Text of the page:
A Night at the Opera

A Night at the Opera

A Night At the Opera

Let’s journey into the wilds of making basic traditional French pastry at home without ever going to pastry school!  Formally trained or not, it is a tumultuous road littered with macaron rejects and broken custards. However, when you finally get the hang of it, you’ll feel like you’ve conquered Mt. Everest! 

I had never really looked at what makes-up the fundamentals of French pastry. Then, one sunny afternoon a friend who was studying at a French culinary school shared with me what he'd been learning in French Pastry 101, and he threw a bunch of French terms at me that I had to look-up one-by-one. It turns out that in my 30 years of baking at home I had, in fact, made a lot of them and just didn't know their fancy terms. 

Indonesian desserts and pastries borrowed a lot from the European pastry tradition because, well, Europeans were the colonial power for 400 years. While the Indonesian culinary repertoire seldom calls for dessert per se, we adopted and adapted colonial cuisine and added pastries to our epicurean vocabulary, although we tend to eat these pastries during high-tea instead of after a meal. Most traditional Indonesian meals are ended with fresh seasonal tropical fruit.

Two years ago I stumbled upon a wonderful website by a young Indonesian pastry chef, Talita Setyadi, who is a Le Cordon Bleu graduate in Paris. Like me, she’s also a multidisciplinary artist. I loved all the pastry work featured on her blog and immediately fell in love with her Earl Grey Lavender Opera Cake. After studying that recipe, I expanded my flavor repertoire and approached opera cake as if it were a blank canvas. The potential flavor pairings and the surface area presented such an opportunity for a unique style of cake that fit with my personal aesthetic.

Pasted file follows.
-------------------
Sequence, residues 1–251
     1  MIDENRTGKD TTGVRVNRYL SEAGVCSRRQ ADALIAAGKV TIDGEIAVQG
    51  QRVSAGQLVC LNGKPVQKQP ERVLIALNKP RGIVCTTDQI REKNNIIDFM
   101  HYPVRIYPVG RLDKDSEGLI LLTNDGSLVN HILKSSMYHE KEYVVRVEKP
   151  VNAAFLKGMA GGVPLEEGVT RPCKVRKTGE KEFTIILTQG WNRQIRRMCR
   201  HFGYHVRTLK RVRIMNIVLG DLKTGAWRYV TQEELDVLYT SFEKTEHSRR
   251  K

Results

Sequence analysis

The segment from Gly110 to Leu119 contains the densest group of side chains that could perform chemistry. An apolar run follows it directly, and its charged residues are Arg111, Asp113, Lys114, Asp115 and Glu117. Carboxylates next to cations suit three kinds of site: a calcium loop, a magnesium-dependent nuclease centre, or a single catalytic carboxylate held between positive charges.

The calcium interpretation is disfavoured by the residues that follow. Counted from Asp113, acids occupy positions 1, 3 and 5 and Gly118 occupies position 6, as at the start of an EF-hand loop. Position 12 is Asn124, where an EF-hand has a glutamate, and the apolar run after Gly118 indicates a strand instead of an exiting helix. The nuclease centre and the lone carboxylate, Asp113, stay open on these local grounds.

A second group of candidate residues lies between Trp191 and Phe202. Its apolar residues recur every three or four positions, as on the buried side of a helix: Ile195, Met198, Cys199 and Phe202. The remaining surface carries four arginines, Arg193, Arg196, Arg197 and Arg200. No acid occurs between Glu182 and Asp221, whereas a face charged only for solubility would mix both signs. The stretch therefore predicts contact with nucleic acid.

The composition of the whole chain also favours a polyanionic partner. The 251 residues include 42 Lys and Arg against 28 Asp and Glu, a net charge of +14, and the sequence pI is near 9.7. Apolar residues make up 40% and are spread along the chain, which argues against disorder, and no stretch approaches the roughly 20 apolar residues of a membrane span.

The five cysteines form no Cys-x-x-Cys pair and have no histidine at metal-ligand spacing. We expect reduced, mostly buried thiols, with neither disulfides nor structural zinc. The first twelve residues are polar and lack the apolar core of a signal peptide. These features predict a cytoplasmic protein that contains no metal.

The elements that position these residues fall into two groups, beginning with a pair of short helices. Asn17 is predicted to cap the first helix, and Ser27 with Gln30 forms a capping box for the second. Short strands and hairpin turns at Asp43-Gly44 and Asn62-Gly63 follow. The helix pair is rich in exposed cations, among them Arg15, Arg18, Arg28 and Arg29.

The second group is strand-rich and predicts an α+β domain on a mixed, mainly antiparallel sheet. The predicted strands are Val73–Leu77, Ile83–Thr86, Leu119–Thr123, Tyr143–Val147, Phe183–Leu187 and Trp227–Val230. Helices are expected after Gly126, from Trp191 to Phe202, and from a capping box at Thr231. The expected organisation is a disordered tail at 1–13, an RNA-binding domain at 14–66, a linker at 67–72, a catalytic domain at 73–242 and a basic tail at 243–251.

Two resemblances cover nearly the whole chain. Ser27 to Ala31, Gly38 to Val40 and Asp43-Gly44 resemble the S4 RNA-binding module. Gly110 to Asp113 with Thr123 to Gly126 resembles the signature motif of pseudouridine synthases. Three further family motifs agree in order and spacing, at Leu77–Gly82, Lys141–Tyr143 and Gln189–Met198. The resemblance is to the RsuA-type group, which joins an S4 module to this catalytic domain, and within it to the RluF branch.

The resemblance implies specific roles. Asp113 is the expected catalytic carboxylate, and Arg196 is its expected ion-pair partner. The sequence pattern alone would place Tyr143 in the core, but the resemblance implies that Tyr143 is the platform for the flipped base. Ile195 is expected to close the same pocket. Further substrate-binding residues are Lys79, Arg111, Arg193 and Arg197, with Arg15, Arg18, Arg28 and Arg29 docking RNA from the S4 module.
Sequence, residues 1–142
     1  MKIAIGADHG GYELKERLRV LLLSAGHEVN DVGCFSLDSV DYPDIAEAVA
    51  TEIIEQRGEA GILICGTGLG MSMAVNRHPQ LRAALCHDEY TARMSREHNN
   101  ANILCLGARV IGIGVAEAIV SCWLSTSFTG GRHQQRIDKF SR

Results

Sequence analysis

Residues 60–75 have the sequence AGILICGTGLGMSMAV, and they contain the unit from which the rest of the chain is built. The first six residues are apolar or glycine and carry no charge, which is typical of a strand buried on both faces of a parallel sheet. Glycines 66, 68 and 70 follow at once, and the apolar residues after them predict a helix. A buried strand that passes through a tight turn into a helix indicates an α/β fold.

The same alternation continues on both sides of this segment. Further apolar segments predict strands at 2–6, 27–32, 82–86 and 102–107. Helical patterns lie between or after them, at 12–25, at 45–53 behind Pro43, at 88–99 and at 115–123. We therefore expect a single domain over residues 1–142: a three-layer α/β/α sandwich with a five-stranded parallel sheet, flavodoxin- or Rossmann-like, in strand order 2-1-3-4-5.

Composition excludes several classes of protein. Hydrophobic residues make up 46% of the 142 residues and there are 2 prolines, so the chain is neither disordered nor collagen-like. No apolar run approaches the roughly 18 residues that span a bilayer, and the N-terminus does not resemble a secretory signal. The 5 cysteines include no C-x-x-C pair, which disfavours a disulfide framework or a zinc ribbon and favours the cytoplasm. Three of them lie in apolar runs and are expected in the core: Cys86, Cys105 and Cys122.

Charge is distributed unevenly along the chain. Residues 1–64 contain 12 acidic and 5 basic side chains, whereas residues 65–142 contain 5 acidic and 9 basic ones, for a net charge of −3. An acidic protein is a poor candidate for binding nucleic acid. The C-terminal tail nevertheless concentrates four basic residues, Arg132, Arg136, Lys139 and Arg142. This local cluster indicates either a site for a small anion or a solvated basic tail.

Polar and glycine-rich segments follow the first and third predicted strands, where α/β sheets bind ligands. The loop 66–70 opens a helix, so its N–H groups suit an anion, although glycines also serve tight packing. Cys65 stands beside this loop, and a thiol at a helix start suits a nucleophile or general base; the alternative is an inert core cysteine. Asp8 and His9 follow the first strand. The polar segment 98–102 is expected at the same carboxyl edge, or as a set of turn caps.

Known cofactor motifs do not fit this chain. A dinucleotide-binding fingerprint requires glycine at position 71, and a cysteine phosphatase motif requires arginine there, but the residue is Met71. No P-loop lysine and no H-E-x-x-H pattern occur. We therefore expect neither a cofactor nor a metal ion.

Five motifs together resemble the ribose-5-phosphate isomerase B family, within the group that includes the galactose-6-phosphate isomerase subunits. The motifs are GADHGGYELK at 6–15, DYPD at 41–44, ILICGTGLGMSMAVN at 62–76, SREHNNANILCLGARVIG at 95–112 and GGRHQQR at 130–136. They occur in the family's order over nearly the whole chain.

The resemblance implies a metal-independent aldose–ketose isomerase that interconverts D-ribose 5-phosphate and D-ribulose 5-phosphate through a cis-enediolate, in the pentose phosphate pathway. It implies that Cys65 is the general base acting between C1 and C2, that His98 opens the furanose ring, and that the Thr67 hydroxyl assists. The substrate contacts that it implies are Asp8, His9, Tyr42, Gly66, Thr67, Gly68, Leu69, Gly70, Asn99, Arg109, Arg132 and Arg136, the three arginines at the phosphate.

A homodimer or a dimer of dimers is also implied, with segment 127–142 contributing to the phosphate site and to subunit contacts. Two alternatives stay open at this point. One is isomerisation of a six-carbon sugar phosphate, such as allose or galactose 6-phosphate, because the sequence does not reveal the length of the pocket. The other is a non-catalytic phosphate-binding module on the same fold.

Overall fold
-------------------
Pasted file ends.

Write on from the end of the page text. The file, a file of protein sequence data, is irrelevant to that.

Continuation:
The Opera Cake embodies multiple pastry fundamentals in its neat and distinct layers: there's the sponge known as Joconde, there's a classic cream filling, an elegant ganache and coating that demands properly tempered chocolate. The picture above is a recipe I lifted from the incredibly smooth-accented Bruno Albouze ( Don't you just want him to talk/lullaby you to sleep?) Before I could expand the recipe, I had to understand the fundamentals, which Bruno so elegantly provided, and then I looked to Talita for inspiration, eventually coming to my own unique approach to Opera Cake.

 Classic opera scraps

Classic opera scraps